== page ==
My big caveat though. If you try to talk the talk, please make sure you can walk the walk. Nothing drives me as crazy as listening to someone recite talking points without having any real idea as to what he or she is saying.

Start Your CFA

The Chartered Financial Analyst (CFA) designation is the benchmark in the finance industry (disclosure, I am a CFA).

It is a relatively difficult program to complete. Plus you need to accrue substantial practical experience before earning the CFA designation. But because of the difficulty in attaining those letters it has excellent value in the industry.

If I see someone who has successfully completed the program, it tells me that they have a base technical competence in finance. Perhaps more importantly, it shows me that they have the dedication and work ethic to get through three plus years of challenging exams.

I do not expect you to wait until you finish the CFA program before beginning to search for a finance position. In fact, many entry level positions only request that candidates be enrolled in the program or have completed a specific level (for an entry level job, probably CFA Level I). So if you are in the program, that should open the door to many open positions.

Another big caveat. You would not believe the number of young adults I have interviewed who “intend to” or “plan to” or “will” enter the CFA program in the next few months. When I hear that, these job candidates lose more points than if they never said a word about beginning the program. Companies want go-getters. Proactive people that take the initiative to improve their skills and job prospects. If you cannot be motivated to start the main designation for a career in finance in order to get your first job, what will motivate you to enhance your skills?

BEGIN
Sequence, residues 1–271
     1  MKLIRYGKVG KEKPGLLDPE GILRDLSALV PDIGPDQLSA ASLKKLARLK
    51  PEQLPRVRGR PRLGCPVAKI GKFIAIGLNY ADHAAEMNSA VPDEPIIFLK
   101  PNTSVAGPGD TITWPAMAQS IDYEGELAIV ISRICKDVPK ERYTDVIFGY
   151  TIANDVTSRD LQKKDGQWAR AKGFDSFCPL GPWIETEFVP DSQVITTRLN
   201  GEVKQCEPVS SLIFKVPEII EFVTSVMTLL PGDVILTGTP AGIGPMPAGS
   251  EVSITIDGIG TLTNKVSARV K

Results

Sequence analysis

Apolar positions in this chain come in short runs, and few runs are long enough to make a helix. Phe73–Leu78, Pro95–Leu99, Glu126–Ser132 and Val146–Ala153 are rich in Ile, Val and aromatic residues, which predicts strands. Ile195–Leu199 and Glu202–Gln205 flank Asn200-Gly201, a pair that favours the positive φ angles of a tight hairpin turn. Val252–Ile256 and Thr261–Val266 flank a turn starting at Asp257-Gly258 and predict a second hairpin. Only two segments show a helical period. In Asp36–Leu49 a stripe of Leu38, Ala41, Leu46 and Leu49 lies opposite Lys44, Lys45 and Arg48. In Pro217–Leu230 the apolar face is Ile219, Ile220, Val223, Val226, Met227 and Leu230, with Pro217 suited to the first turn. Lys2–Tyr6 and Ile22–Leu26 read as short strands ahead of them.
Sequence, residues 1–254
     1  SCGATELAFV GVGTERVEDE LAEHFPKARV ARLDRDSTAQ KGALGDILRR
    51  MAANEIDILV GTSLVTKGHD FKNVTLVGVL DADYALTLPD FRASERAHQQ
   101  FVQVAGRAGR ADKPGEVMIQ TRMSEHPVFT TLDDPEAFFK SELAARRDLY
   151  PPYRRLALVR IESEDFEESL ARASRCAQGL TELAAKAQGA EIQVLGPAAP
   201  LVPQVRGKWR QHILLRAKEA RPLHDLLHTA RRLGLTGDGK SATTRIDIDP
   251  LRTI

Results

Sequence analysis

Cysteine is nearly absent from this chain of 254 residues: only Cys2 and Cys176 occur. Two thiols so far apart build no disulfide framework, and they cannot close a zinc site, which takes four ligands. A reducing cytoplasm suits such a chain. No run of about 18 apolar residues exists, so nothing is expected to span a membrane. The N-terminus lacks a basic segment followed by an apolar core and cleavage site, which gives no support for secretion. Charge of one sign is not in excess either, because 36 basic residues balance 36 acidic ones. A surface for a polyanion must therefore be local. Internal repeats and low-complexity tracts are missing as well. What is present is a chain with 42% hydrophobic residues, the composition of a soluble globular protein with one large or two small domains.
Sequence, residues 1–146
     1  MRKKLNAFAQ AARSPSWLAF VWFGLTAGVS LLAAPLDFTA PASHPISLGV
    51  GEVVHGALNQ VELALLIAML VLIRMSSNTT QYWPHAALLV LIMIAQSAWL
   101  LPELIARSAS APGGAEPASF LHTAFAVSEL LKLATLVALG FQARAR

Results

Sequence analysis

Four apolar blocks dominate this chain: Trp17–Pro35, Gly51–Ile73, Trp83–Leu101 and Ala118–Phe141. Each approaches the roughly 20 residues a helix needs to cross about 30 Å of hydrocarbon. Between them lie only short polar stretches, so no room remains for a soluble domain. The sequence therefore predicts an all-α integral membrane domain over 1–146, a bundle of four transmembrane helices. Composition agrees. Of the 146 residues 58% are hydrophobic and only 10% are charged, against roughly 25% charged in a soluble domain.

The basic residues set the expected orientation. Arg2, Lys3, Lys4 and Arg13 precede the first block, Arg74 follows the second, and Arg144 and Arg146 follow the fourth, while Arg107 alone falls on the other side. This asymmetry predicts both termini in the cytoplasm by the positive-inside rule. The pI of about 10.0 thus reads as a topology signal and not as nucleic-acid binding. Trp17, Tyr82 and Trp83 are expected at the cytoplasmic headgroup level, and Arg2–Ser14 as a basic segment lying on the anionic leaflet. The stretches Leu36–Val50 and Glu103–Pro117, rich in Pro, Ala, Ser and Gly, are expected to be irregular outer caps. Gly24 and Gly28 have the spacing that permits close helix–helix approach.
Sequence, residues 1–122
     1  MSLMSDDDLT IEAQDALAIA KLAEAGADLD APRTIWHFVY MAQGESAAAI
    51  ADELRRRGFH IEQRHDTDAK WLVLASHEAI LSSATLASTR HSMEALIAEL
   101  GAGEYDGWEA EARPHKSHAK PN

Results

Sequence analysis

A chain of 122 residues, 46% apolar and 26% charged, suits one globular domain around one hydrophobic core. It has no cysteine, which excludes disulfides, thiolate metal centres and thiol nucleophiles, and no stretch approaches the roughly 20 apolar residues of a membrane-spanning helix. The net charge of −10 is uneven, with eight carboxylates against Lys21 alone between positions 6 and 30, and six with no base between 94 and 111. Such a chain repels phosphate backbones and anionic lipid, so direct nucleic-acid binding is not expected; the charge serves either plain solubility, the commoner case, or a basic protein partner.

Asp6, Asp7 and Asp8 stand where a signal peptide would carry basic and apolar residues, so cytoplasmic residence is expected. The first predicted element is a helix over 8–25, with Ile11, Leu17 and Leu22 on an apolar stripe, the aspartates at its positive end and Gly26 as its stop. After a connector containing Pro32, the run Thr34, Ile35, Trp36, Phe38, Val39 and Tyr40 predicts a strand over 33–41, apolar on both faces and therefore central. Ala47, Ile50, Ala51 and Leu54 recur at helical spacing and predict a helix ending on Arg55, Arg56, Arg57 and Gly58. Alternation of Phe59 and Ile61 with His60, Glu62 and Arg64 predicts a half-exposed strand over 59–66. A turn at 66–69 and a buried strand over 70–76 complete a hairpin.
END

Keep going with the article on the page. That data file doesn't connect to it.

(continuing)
When faced with two equal candidates for a job, one who is self-motivated and proactive, the other less so, who do you think lands the job?

If you are serious about a long-term career in finance, take the chance and enter the CFA program as soon as possible. It will definitely aid in landing a finance job.

Now I am talking a true finance function here. When applying for the job you will readily see if they require or desire a CFA designation.

However, if you want to work in another aspect of the financial services industry, there other designations you can consider. For example, I outline the Certified Financial Planner designation in Canada and compare the CFA designation with the Certified Financial Planner certification. As you can see, they are quite different. Or, if you consider the financial advisor side of the business, there is an alphabet soup of certifications available. And that does not factor in professional accounting, MBAs, or law degrees.

So depending on the area of finance in which you wish to specialize, there may be other preferential designations to consider. But, in general, the CFA is good route to pursue.